This went on for a while.   Around 7pm, my midwife checked me and I was already 8 cm.   She then called the second midwife and started setting up for the birth.  I could hardly believe things were happening so quickly and going so well!  When my second midwife arrived, probably around 7:30 or so, my midwives suggested breaking my water.   They felt that if they did so, right after I would probably be ready to push.  So I lay down on the bed for for my midwife to break my water and I felt a contraction.  It felt HORRIBLE to experience a contraction lying down.  I could barely handle it!   Made me realize how important it is to be upright and mobile during labour.   The actually breaking of my water was painless.   My midwife asked me if I was feeling an urge to push.  I wasn’t.  She suggested that I go to the bathroom and sit on the toilet as that could help open up my pelvis and bring the baby down.   So Jake and I and our doula spent some time in the bathroom.  In between contractions I sat on the toilet and during contractions I leaned against Jake who was sitting on the edge of the bathtub.  I’m not quite sure how long we were in the bathroom – maybe half an hour or so?  My midwife came to check in on us a few times and asked me if I felt the urge to push.  I still didn’t feel a strong urge to push but I was definitely feeling some pressure in my bottom.   She suggested checking me again to see how far I was dilated and to check if the baby has moved down.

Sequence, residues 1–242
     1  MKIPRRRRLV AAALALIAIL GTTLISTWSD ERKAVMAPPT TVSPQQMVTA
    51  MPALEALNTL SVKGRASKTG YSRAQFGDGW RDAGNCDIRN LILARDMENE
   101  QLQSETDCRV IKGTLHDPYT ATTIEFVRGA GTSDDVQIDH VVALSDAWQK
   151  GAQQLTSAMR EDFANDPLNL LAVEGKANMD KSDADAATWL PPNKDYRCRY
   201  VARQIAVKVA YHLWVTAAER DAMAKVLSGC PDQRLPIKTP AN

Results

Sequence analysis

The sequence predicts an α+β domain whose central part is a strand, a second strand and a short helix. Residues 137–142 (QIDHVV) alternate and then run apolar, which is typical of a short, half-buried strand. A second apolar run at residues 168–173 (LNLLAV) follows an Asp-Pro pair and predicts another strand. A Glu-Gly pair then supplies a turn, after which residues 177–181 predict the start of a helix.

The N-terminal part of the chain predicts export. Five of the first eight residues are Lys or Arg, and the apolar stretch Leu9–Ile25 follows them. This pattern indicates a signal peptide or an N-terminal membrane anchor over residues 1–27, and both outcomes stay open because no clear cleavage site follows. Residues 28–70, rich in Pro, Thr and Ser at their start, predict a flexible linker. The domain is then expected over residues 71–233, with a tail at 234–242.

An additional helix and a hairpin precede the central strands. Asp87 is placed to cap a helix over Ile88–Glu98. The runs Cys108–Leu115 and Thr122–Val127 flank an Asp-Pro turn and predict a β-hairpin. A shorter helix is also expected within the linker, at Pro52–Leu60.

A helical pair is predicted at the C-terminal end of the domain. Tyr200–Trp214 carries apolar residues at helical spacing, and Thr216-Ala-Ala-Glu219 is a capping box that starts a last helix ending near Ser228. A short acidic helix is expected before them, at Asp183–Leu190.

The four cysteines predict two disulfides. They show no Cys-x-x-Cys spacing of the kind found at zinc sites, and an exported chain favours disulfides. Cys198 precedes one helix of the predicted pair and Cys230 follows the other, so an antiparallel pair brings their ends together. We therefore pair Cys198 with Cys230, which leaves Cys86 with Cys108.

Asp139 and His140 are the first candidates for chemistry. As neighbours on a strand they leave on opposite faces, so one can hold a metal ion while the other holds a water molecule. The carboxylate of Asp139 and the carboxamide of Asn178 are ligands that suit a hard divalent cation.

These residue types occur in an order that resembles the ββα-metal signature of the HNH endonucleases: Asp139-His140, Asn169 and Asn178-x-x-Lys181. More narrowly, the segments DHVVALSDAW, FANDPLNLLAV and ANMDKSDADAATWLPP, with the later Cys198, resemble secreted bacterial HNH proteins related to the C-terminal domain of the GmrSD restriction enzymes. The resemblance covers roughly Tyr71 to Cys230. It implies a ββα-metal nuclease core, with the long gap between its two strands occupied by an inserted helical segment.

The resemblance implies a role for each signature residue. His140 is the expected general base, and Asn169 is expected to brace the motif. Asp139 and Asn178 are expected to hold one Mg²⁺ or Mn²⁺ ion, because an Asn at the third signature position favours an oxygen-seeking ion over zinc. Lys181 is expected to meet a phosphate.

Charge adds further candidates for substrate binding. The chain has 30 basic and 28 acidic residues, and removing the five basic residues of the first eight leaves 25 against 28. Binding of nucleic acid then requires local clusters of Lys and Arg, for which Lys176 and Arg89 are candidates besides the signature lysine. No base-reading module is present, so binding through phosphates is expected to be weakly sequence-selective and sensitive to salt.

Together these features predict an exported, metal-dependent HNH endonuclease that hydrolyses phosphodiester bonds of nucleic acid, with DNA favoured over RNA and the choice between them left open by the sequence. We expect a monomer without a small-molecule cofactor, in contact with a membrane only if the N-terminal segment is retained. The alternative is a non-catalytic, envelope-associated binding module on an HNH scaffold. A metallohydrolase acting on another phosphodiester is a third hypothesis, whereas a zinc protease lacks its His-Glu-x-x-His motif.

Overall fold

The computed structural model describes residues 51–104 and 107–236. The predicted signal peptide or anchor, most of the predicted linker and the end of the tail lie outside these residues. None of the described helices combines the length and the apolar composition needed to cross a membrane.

So we left the bathroom and I lay down again on the bed.   At that point I was 10 cm and she said the baby was far down and that I could start pushing.  I couldn’t believe it!  The head of the bed was raised so that I was in a semi upright position.   It was about 8:30 at this point.    A contraction came and I pushed!  My midwives told me that they could see the head.  I still could hardly believe it!  My contractions at this point were probably 2-3 minutes apart, which allowed me to rest between them.   It was great to be able to rest between contractions and gather my strength for the pushing.  At about 8:45 my midwife told me that this baby would be born between 9pm.   I was getting really excited at this point to meet my baby.  A few more pushes and the head came out.   Then another push and the shoulders.   Then a little push and my baby was out.  He was born just before 9pm.